My own research

I'm currently working with Todd Arbogast on using his idea for upscaling to form accelerators for solvers. (You can read some papers about my work and his.) One of my ideas is to use the upscaled approximation as a substitute for a coarse-scale approximation in a multigrid V-cycle. I'm also working on using the upscaling as the inner step in a nonlinear Uzawa-like scheme; the iteration has superlinear convergence on linear problems! You can read about these ideas in my dissertation. It's not the best writing, but the introduction is very accesible and gives a good flavor for what all the hullabaloo is about. There's also some slides that I wrote for a SIAM student conference, and also my slides from my defense.

Various and sundry teaching stuff

I have accumulated various notes and problems from classes I've taught. There're first and second semester calculus classes at MIT: 18.01 and 18.02. A TAR-ball of stuff from a first semester calculus - 408C - at UT. Diff EQs - 427K at UT.

For spring '08 I'm teaching the second semester of an undergraduate numerical analysis sequence, M368K. I've devised my own homework assignments for the class rather than use textbook problems. The class web site is here.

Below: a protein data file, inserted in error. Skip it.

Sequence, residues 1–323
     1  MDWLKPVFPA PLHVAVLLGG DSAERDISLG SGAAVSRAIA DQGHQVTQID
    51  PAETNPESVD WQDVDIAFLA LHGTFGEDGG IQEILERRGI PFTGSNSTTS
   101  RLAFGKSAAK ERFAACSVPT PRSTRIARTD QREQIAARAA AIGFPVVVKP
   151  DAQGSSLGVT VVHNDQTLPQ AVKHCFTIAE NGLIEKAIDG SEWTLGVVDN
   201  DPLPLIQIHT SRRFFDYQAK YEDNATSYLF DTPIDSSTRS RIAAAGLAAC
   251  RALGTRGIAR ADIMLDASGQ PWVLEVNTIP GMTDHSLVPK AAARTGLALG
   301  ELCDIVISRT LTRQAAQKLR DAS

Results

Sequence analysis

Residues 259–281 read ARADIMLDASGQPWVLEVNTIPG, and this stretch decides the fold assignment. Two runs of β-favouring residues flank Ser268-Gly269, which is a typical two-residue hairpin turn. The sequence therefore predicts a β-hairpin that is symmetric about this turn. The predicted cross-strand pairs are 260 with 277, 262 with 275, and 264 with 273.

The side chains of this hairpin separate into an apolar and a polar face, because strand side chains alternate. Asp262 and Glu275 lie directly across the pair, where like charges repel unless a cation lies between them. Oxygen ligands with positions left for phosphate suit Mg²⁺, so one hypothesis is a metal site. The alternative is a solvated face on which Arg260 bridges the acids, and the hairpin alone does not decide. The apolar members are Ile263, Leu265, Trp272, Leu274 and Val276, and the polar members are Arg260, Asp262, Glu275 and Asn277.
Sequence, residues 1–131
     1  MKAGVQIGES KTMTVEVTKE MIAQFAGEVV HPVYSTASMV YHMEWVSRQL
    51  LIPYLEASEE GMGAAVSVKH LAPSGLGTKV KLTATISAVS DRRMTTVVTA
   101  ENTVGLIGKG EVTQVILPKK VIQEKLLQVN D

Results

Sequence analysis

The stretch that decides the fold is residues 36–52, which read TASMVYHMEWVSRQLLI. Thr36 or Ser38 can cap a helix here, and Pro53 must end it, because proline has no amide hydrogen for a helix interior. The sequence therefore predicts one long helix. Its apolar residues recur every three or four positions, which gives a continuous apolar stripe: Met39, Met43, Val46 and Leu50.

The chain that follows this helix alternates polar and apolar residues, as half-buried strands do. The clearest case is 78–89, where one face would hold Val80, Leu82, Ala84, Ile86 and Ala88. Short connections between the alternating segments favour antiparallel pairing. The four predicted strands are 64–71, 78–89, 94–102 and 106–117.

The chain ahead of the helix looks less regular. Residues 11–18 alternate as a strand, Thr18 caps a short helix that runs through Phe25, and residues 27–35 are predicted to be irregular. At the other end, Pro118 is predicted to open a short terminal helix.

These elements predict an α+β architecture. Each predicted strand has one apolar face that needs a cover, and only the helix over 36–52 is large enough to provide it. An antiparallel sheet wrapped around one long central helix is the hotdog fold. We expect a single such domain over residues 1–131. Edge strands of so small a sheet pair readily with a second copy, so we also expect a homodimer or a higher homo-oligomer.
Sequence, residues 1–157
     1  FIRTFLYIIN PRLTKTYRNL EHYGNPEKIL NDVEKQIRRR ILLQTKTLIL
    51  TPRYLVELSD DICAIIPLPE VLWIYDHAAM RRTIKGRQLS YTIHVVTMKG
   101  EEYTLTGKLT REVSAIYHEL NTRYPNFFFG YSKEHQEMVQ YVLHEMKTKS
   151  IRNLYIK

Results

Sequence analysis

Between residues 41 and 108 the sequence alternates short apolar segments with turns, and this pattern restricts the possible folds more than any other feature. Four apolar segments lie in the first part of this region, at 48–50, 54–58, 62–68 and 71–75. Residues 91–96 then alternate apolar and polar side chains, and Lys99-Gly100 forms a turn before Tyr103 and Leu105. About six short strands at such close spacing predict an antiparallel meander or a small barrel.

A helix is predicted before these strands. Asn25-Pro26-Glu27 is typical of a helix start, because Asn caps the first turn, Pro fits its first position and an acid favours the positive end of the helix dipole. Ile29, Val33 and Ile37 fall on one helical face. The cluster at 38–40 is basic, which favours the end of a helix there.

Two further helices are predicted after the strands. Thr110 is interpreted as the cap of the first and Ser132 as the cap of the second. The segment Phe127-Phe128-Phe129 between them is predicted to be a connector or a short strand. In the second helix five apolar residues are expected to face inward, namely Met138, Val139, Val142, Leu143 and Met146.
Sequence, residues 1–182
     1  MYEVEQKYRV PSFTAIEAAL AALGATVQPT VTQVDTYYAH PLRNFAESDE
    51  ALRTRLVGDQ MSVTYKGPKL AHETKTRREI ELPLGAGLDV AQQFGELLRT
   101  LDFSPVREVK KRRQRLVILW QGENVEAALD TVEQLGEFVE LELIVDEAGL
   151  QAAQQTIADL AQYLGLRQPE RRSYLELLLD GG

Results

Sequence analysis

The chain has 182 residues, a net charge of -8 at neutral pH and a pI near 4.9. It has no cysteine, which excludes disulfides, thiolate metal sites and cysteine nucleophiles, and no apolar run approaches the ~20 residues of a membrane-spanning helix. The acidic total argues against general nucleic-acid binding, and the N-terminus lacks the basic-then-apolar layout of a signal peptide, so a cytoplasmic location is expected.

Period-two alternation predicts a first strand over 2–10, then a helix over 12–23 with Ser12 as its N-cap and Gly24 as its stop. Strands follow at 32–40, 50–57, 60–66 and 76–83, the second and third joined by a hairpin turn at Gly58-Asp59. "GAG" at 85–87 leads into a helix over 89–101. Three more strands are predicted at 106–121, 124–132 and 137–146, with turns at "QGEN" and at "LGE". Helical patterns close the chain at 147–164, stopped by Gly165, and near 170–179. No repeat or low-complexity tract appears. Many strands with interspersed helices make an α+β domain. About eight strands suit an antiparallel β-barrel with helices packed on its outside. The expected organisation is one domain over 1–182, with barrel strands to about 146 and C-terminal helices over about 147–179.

Recently I was trying to devise an exam problem for a linear algebra class. I was looking for a simple matrix with repeated integer eigenvalues, but I can't seem to find any.

Here's a list of projects I'm thinking about using for a math/science club at a local high school. I may ask to give demos during regular classes. If you like the ideas or have some to share of your own, let me know.

I wrote up a solution for my mom for an elimination style problem from a book of logic problems. Some day I'll scan in the original problem sheet.

Neat science articles

I tracked down some of Michelson and Morley's original papers on their experiments refuting the existence of the ether (the purported medium whose vibrations trasmit light). I've found three so far:

Insofar as I know, the copyright to each of these articles has expired. Also, I claim no copyright to the scans I've made (nor can I --- unoriginal works cannot be copyrighted). You're free to copy these articles as you please. ScienceWorld has a few other references:

An article from PNAS about flying ants. One from Proceeding of the Royal Society about the giant squid. (Yes, Ian, they finally found them!)

Useful stuff

Here are some reference documents on LaTeX that I've found useful.